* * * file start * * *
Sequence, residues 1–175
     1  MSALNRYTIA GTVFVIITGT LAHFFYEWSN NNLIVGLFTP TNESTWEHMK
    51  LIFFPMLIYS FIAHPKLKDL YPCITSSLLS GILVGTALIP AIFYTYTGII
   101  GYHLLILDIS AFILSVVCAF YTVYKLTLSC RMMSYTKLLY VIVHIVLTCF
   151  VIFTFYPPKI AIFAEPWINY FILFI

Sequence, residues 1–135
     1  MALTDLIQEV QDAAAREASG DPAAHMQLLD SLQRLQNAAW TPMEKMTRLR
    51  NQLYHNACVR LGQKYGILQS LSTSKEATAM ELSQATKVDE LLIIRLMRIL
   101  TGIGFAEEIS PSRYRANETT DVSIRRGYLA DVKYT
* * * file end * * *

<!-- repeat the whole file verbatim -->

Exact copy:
Sequence, residues 1–175
     1  MSALNRYTIA GTVFVIITGT LAHFFYEWSN NNLIVGLFTP TNESTWEHMK
    51  LIFFPMLIYS FIAHPKLKDL YPCITSSLLS GILVGTALIP AIFYTYTGII
   101  GYHLLILDIS AFILSVVCAF YTVYKLTLSC RMMSYTKLLY VIVHIVLTCF
   151  VIFTFYPPKI AIFAEPWINY FILFI

Sequence, residues 1–135
     1  MALTDLIQEV QDAAAREASG DPAAHMQLLD SLQRLQNAAW TPMEKMTRLR
    51  NQLYHNACVR LGQKYGILQS LSTSKEATAM ELSQATKVDE LLIIRLMRIL
   101  TGIGFAEEIS PSRYRANETT DVSIRRGYLA DVKYT